Now that I’m older, I’ve been trying to remember how exactly my parents showed that they loved one another. As much as I rack my brain, I just can’t remember that many details, which is so frustrating. So much so, that sometimes I let doubt creep in and sabotage my thoughts of my loving family.

These letters, I was beginning to realize, would either confirm those doubts or dispel them. I was hoping for the latter.

Here it goes. Card one.
It read,

“The other day, I was in an elevator, when all of a sudden, somewhere between the 11th and 12th floors, something made me think of you. I could picture you in my mind, plain as day, with that look that you get… Then, as quickly as it came…

(I opened the card)

mom card to dad funny

That’s when the tears started falling.

Not because I was sad, however,
but because

Mom. Dad. You two are ridiculous! This is so, SO you. Farts and romance and love-you-forevers in one sentimental card. Oh, this explains a lot. A lot about you two, our family, and why I am the way I am. You two, seriously. You’re the best.

The rest of the cards were rather the same kind of thing,
Love,
Together forever,
Farts and even something about dining together without clothes on.

This was love.
This was the love of my parents.
It was them in all their quirky, hilarious, you-can’t-write-this-stuff kinda love.

mom and dad skiing

I was laughing so hard,
so hard it was like I was watching videos of stand-up comedy. The good kind.

I tell you, this folder was the most beautiful gift.

I learned a lot about my dad,
about some things that he was too humble to share,
about him as a son and as a husband,
a man who was deeply loved, deeply passionate, and all together, deeply deep.
Yup. That was my dad. One deep dude.

I finished reading the cards and closed the folder, only wishing that there had been just a few more cards, a few more keepsakes or napkin-scribbled notes that could bring more of him back to me.

When you lose someone you love, there are
days when you’re heart is heavy,
days when you just need a good cry, or scream,
days when you are angry at their not being there,
days when your memories of them bring you this amazing warmth,
days when you shout thanksgiving praise that you even got to know them at all.

Then there are days like this one,
when you receive the blessing of a mysterious file folder, filled with things you never would have asked for -had a genie granted you five wishes- and you find yourself rolling on the floor, laughing, thinking that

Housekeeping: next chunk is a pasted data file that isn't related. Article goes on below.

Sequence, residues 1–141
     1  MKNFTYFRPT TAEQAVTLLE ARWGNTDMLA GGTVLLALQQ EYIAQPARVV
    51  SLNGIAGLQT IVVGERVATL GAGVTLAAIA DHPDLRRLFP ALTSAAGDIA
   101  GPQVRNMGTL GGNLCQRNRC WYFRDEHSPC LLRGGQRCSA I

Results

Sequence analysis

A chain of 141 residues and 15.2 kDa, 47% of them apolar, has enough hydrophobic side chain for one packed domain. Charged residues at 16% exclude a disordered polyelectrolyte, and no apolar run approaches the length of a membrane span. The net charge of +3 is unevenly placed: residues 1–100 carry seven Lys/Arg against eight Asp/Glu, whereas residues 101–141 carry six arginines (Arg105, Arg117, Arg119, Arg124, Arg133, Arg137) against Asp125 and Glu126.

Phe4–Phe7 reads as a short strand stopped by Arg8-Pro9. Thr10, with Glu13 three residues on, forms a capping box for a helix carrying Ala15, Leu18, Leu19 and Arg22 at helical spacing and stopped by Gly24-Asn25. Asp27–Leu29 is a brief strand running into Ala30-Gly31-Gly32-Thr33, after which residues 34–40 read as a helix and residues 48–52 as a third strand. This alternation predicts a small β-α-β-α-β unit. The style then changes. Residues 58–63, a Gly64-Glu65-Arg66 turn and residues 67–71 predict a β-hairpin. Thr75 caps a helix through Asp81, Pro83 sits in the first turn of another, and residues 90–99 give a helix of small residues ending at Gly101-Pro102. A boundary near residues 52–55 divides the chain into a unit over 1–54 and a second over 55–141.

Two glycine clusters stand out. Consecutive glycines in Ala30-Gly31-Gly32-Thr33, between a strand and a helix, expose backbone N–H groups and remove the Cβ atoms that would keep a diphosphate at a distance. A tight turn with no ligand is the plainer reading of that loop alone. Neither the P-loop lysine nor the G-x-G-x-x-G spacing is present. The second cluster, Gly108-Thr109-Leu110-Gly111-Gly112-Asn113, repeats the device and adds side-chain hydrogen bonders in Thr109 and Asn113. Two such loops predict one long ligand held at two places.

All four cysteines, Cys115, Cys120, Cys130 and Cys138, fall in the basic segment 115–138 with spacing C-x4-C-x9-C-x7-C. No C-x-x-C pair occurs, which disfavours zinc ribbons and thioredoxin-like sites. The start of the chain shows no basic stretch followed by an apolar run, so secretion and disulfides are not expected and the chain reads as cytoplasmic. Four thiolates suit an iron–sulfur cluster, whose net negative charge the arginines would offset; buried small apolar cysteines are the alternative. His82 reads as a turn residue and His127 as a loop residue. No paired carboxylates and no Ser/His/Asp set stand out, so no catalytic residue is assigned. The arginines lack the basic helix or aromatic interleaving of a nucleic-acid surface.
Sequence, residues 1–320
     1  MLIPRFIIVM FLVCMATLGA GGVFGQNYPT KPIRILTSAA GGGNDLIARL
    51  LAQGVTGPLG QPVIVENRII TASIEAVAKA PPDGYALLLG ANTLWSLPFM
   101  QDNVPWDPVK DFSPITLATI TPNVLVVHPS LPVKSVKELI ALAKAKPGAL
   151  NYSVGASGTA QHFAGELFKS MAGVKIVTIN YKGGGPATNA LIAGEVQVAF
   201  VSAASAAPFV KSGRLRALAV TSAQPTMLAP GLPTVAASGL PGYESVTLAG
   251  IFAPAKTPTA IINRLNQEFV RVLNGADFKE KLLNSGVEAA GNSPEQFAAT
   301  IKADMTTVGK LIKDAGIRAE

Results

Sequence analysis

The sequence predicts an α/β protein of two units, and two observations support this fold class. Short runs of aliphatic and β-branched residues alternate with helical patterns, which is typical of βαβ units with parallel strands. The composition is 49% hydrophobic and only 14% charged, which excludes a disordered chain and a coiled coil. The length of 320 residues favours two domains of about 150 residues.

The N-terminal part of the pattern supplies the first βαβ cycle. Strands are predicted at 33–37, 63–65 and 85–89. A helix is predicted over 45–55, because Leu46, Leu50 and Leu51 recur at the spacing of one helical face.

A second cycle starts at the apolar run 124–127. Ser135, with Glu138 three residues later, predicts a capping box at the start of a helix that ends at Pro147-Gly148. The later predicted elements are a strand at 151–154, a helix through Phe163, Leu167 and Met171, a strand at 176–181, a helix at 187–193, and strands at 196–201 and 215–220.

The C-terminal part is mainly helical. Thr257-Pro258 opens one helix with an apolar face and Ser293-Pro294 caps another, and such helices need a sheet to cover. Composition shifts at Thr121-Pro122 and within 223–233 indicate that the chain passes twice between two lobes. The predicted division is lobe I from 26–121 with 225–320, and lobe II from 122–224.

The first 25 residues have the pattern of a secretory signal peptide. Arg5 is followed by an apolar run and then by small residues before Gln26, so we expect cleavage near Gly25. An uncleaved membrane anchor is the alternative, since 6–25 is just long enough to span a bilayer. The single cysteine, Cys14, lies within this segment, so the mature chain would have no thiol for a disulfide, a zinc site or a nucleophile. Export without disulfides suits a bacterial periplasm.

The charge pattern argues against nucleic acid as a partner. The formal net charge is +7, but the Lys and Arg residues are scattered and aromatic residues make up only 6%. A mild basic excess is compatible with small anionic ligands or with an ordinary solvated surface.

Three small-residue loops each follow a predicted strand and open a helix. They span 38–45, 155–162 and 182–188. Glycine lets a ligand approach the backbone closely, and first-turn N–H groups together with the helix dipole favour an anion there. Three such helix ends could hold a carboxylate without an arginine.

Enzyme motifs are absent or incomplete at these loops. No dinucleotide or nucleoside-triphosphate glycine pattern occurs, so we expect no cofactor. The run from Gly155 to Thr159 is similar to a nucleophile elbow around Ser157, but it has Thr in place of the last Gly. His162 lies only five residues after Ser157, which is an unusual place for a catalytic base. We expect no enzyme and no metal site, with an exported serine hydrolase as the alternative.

I have the best parents ever. Thank you, God. And Mom and Dad, thank you for this moment, too. I will always remember it. I will always remember you guys.

Love,
Taylor

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5 responses to “He came, in pieces

  1. Hi Taylor: I remember the call from your Mother when she first met your Dad. It went something like “Gina, I found my Dabo and yes, he is tall”. She visited my husband and I every year on her birthday and she adored Dabo and we used to look for a Dabo for her. My husband, Dabo is 6’6″ and we used to alway check out the tall guys looking for her Dabo. So the call was wonderful and funny. She said, “He could be the one”, and of course he was.
    Love to you always,
    Gina Dabasinskas

    • Gina, your message brought the biggest smile to my face :o) I love hearing stories like this. I crave them! Hmm, the more I learn, the more I think I sound very much like my mom 🙂 Hugs to you, Gina!

  2. Taylor, this is the most profound love story I have read in a long time. Its beauty lies in the delight and wonder you got swept up in, as you relived those years through the pages of your parents. It made me see my marriage with eyes of gratitude and wonder. Your dad’s gifts to you are remarkable. Your gift of words and connectivity are God’s gifts to us, your readers and other friends. Thank you. You made my day.

  3. Taylor, my father left my mother when I was 5 years old and never came back into my life. He passed away one year before I’found’ him again through Veteran’s Admin records. I reconnected with his family and received many many letters, photos and cards, some WWII medals, etc. They are like the ‘dry bones’ of his person hood, that God has fleshed out for me over the years. I know how important that has been for me. I’m rejoicing with you that you received the same opportunity. You are blessed!